In our first discussion of Kathleen Fitzgerald’s Planned Obsolescence, Janel and I chatted briefly about its length – with me remarking that it’s just under two hundred pages, and Janel lamenting that her Kindle version gives her no page numbers. Also having the Kindle text, I was surprised (and relieved) that the version I had on my PC did indeed have page numbers – “Hallelujah” just might have rung out in my mind. Funnily enough, Kindle’s “locations” do little to locate me in a text. Even with the percentages and progress bars, clicking the next page icon (as indebted to codex construction as it is) is just not the same as the physical feel of a book when you reach the halfway point and when there are more pages in your left hand than right.
That being said, most of my reading is digital. I’m either scrolling or, if I’m on my Tumblr dash, hitting “J” to move down my infinite scrolling dash post by post. Some posts are simply too long to scroll all the way through – and I can always hit “K” if I want to move up to the start of a post that I decide I do want to read after all.
In the same fashion, as I compose this post (in Word), I have changed the font to Times New Roman and the font size to 12, even though I know this will change the instant I move the writing to WordPress. I am simultaneously both mentally chained to more traditional understandings of text and all too willing to abandon them once I open a browser. I’m also desperately trying to figure out how to work this into the zombie metaphor and struggling. (…Something about how each survivor base tries desperately to recreate pre-zombie life within those walls, only to instantly adapt to new realities when unlocking a chained up fence and blasting a way through a zombie horde…like you do).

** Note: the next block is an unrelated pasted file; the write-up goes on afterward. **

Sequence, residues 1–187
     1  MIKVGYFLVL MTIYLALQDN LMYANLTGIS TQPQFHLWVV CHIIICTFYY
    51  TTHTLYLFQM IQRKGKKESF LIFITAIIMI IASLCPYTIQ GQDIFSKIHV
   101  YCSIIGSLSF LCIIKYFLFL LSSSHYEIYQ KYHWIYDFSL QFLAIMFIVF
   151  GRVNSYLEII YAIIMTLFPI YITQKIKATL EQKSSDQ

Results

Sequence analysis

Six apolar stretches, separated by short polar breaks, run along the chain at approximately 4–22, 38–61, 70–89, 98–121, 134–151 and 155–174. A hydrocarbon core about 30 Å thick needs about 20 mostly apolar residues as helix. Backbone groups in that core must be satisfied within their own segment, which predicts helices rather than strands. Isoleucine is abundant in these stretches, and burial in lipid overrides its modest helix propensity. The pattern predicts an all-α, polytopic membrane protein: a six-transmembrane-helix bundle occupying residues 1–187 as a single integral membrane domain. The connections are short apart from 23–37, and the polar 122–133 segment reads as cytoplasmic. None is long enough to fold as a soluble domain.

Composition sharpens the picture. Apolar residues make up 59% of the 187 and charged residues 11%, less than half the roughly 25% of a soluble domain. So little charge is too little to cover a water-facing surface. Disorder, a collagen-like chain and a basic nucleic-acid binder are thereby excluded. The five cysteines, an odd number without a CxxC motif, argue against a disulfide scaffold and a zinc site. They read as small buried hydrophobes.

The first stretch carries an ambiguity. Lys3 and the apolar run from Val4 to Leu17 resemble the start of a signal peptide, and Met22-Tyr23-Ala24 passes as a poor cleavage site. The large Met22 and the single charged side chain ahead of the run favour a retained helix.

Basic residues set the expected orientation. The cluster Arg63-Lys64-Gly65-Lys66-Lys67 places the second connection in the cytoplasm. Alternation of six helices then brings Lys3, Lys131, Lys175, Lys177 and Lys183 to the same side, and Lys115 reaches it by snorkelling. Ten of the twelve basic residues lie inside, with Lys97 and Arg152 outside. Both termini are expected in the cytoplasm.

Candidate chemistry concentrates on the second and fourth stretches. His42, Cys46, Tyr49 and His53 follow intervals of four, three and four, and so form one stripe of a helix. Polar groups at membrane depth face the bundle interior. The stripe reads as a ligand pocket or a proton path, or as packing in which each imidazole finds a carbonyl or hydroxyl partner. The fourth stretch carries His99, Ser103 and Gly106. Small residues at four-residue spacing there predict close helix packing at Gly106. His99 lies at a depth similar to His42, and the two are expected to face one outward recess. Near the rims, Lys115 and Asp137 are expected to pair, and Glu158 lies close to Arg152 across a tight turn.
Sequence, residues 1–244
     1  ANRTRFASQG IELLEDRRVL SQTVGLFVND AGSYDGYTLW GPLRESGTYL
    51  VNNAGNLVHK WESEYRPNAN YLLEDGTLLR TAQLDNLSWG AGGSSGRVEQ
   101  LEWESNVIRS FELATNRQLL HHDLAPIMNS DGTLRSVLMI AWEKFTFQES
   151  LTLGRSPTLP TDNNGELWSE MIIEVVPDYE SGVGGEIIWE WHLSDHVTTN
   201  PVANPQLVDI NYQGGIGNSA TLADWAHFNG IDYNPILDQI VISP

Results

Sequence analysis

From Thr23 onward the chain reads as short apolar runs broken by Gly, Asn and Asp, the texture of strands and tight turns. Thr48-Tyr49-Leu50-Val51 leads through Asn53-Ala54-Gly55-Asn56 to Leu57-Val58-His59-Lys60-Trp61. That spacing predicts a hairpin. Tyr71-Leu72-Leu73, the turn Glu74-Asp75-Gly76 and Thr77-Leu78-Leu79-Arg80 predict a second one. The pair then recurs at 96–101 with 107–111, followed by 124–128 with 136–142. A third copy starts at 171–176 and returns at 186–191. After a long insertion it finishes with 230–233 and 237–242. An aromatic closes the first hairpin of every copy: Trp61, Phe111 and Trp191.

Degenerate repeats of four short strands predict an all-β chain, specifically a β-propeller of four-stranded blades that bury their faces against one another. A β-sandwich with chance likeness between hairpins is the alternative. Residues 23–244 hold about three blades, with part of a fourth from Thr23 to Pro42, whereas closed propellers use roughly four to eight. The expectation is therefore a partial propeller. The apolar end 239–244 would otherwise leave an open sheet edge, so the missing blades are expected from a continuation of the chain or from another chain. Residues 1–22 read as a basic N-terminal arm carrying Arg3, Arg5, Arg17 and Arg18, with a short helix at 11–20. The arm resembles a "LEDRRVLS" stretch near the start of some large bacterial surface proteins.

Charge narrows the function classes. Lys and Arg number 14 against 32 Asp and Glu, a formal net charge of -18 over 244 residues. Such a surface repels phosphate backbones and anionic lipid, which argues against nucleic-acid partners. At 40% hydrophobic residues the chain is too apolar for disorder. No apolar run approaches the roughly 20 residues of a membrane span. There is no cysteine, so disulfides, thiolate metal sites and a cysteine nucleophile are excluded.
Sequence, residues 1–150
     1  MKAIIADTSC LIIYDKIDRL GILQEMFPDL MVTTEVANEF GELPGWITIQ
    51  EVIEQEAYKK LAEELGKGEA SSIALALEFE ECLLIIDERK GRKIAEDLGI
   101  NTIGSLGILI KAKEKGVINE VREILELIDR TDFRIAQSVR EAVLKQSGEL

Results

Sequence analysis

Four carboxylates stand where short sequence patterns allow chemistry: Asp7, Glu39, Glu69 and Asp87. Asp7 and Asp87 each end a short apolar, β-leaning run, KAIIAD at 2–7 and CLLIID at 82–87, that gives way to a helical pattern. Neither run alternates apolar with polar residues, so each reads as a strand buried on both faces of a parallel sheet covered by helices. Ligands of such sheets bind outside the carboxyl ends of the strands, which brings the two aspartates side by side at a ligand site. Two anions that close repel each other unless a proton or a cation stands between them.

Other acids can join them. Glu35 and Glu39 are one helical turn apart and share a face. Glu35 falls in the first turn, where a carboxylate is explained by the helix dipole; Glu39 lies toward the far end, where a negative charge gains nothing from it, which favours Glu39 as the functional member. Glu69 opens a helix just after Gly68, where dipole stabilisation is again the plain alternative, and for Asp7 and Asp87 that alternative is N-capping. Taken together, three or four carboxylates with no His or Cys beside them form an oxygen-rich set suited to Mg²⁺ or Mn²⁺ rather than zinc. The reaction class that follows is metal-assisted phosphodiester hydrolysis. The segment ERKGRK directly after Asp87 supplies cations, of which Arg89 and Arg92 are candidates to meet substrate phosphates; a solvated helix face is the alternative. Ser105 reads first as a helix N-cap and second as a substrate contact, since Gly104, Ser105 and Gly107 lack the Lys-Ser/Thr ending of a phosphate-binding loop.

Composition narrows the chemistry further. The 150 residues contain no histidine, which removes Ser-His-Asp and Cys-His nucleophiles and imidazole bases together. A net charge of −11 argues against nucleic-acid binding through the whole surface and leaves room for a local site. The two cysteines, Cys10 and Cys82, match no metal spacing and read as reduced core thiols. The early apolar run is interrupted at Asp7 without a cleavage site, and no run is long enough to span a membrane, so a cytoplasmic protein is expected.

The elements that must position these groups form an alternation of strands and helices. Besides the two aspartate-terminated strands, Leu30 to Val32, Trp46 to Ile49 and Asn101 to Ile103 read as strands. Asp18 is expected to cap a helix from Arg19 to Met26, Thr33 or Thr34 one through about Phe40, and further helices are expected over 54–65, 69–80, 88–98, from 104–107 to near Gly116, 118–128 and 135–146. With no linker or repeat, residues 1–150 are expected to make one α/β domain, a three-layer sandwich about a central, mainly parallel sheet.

Fitzgerald writes, “Developers of new textual technologies and publishing systems must recognize that, on the one hand, simply publishing texts online, finding ways to reproduce the structures of the book in digital form, is insufficient, because the network cannot, and should not, replicate the codex; and that on the other hand, simply moving toward a more internally networked form of publishing will likewise not revolutionize the circulation of texts, as the emphasis remains on the individual text, the individual author, the individual mind” (107).
Quick aside here, I cannot begin to express my frustration that I can’t copy/paste from a Kindle text and instead had to handwrite this quotation (it’s just one sentence that’s length only makes itself truly known when writing down each word), and then retype it into Word. I feel like technology has failed me.
But to return to the quotation. The questions of how the digital context could, and should, change the construction of reading and writing (and publishing) are of interest to me mainly as I continue to consider how I will compose a digital essay on Tumblr. It’s a public site, and I will reblog from other users invested (hopefully) in what I have to say. There will be some element of response in the piece (but I wonder how soon I will start posting what I already will, to a certain extent, have planned and written in Word). It’s a blog, so it has a reverse chronology. To what extent will I move around posts before the final deadline? And, as a blog, it is unfinished to the vast majority of my audience (again, presuming the audience ends up extending beyond everyone here – not to say you all aren’t the best audience a gal could wish for). There is some level of obligation (real or imagined) an author has to a blog’s readership that is unlike a printed text, or even an online text like Prezi, where the product is what appears.
Yet, when looking at all of these questions, even if I’m moving beyond a piece limited to codex form, I am still tethered to individualism. Everything is hooked to what “I” want to do, or what I think is best to do, in the context of this course and my scholarly project. I (there it is again) am unsure at this point to what degree I should move beyond this, admittedly imagined, construction of individual authorship, and experiment more broadly with Tumblr‘s system of reblogging, submission, and general intertextuality across mediums. But who knows – perhaps I say this safely from my base camp, and once I’m loose among the hordes on Tumblr I will fully embrace this collaborative digital environment.*
*I don’t think bloggers are zombies…but I had to call back the metaphor. Zombies are cool. The asterisk and italics on Janel’s post are also cool.